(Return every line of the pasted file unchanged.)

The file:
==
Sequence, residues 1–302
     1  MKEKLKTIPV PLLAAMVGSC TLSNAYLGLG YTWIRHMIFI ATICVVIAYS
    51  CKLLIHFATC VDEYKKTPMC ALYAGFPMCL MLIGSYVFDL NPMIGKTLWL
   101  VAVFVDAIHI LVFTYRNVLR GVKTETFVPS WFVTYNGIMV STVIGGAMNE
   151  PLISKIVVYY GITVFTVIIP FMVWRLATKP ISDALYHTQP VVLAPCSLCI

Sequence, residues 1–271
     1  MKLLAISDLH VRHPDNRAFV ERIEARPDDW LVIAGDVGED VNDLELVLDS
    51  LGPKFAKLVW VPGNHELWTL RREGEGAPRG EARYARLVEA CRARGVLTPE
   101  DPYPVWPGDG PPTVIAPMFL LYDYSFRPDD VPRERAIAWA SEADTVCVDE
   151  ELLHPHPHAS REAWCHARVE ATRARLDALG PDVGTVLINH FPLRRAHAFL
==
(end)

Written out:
Sequence, residues 1–302
     1  MKEKLKTIPV PLLAAMVGSC TLSNAYLGLG YTWIRHMIFI ATICVVIAYS
    51  CKLLIHFATC VDEYKKTPMC ALYAGFPMCL MLIGSYVFDL NPMIGKTLWL
   101  VAVFVDAIHI LVFTYRNVLR GVKTETFVPS WFVTYNGIMV STVIGGAMNE
   151  PLISKIVVYY GITVFTVIIP FMVWRLATKP ISDALYHTQP VVLAPCSLCI

Sequence, residues 1–271
     1  MKLLAISDLH VRHPDNRAFV ERIEARPDDW LVIAGDVGED VNDLELVLDS
    51  LGPKFAKLVW VPGNHELWTL RREGEGAPRG EARYARLVEA CRARGVLTPE
   101  DPYPVWPGDG PPTVIAPMFL LYDYSFRPDD VPRERAIAWA SEADTVCVDE
   151  ELLHPHPHAS REAWCHARVE ATRARLDALG PDVGTVLINH FPLRRAHAFL